Approving or rejecting the Keystone XL pipeline is one of the critical decisions that will test whether the President is serious about his legacy to protect our shared climate. While the President has stated he will not approve the pipeline if it damages our climate (spoiler alert: it will), it's time to turn up the pressure to encourage President Obama to make the right decision for our future and reject the pipeline.
WASHINGTON - Environmental groups hailed President Barack Obama's warning about climate change, but said the president's words will soon be tested as he decides whether to approve the Keystone XL oil...
The Haisla First Nation live in one of the most beautiful spots on Earth, on the west coast near the aluminum town of Kitimat. The town's massive smelter has long been a sore spot among the Haisla, dropped into their traditional territory in the pro-development 1950 without consultation or substantial compensation.
Now, the Haisla find themselves on the front lines of one of the most important Canadian environmental and development debates of the 21st century, but they are no longer the powerless victims of a half century ago.
If Enbridge's Northern Gateway pipeline proceeds, it will terminate on Haisla territory.
Some energy executives in Calgary say the election of Barack Obama is a positive step for the Alberta resources industry. “There's a clear result, which is a good thing in terms of stability and movi...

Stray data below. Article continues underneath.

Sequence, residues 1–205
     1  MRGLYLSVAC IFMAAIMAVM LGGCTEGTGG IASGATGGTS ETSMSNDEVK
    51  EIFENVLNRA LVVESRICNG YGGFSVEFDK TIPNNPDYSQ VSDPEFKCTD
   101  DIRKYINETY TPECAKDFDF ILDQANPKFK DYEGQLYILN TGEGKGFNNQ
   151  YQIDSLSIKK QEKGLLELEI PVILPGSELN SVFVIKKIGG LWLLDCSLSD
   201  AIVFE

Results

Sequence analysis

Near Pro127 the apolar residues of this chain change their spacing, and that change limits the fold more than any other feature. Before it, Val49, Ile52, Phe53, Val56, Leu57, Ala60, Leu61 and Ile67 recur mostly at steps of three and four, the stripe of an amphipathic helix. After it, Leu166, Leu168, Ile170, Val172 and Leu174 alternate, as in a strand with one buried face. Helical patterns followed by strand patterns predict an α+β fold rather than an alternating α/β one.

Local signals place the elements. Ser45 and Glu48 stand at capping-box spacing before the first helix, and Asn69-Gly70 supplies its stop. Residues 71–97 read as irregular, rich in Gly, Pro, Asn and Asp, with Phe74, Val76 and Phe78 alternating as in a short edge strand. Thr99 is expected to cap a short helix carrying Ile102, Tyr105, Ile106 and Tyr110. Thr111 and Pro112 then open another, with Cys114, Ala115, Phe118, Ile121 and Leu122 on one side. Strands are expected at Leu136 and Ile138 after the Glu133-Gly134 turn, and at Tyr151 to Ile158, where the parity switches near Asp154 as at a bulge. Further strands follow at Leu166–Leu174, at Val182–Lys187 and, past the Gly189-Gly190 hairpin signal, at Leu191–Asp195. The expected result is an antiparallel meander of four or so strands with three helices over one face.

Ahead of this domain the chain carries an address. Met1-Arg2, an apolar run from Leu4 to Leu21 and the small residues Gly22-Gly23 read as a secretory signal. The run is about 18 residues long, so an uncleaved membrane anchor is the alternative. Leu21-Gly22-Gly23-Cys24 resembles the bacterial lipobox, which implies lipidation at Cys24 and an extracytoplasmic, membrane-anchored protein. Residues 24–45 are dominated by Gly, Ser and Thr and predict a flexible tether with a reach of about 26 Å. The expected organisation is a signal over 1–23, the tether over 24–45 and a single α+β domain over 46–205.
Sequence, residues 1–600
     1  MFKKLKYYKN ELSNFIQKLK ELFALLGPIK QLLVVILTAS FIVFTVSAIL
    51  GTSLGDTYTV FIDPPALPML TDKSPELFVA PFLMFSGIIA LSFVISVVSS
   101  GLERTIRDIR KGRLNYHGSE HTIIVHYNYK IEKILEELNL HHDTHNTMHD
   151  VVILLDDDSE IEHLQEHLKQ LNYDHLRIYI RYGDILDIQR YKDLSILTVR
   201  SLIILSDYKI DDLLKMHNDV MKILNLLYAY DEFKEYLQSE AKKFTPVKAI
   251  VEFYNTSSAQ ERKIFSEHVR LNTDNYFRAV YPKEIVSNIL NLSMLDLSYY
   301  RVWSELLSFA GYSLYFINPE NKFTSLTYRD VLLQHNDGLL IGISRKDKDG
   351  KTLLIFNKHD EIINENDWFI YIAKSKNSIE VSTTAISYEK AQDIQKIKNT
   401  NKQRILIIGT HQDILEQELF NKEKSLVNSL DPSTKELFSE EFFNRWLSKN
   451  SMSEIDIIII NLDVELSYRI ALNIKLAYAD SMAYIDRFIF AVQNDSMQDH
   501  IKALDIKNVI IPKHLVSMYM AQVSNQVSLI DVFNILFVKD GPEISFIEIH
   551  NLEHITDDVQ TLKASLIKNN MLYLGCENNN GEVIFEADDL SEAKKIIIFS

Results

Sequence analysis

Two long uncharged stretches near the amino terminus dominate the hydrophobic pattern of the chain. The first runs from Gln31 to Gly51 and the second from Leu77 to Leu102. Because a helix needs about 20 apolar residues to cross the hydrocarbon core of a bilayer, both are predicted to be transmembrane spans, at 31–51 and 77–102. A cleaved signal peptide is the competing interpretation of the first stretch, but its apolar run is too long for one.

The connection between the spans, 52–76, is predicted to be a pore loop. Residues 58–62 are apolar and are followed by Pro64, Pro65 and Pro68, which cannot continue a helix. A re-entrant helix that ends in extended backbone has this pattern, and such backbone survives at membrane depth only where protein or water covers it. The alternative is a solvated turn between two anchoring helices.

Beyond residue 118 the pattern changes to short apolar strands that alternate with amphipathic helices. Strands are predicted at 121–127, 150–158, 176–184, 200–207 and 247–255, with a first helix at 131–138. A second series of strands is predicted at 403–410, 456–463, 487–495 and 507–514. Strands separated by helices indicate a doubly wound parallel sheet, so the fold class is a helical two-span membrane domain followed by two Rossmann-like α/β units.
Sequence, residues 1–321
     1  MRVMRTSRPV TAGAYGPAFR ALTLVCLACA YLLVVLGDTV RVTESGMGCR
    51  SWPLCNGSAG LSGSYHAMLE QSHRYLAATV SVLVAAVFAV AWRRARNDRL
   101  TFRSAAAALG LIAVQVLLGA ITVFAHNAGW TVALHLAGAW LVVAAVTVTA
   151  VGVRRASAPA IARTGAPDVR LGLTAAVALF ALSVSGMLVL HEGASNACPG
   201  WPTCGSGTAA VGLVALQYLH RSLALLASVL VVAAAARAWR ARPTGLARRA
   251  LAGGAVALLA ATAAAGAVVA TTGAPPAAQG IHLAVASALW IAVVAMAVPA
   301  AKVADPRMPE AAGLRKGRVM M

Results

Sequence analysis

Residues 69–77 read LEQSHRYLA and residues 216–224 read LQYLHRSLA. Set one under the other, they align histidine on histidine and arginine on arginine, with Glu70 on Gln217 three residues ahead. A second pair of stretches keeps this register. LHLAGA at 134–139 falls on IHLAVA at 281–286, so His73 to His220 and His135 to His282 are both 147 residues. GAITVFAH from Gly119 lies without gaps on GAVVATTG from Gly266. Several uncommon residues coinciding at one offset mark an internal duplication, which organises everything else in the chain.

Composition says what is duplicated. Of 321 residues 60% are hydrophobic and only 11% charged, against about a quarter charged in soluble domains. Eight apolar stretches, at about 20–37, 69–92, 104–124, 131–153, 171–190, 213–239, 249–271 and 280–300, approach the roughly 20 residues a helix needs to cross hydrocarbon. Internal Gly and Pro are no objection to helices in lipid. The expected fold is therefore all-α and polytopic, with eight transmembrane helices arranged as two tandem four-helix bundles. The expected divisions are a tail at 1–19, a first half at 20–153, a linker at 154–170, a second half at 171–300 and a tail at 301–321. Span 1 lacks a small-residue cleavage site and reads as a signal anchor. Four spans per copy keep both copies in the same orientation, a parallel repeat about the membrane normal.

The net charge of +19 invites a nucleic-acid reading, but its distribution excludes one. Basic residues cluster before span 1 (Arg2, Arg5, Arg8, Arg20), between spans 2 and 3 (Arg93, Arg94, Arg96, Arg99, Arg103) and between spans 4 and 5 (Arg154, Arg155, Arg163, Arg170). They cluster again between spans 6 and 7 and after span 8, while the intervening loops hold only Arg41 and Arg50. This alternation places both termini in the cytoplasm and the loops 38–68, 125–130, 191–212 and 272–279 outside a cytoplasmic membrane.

Republican presidential hopeful Mitt Romney brought up Canada three times during his debate with President Barack Obama Tuesday night. Romney attacked Obama for not approving the Keystone XL pipeline...
Like Lady Edith of the hit series Downtown Abbey, Prime Minister Harper must feel frustrated that Obama expects him to stand aside while the U.S. courts China and simultaneously wait around for a decision on Keystone. Worse still, there is the fear that Chinese interest in Canada is only a ploy, Beijing using Ottawa to spark Obama's jealousy and get Washington's attention.
Opposition groups can organize and protest much more quickly on social media. While a government argues facts, figures, and economic benefits, groups argue on an emotional level. In political terms we used to refer to this as appealing to the head or heart, with the heart usually winning.
Republicans ratcheted up the pressure on U.S. president Barack Obama on Wednesday by introducing a bill that would force him to OK the Keystone XL oil pipeline project within 60 days. Led by Mitch Mc...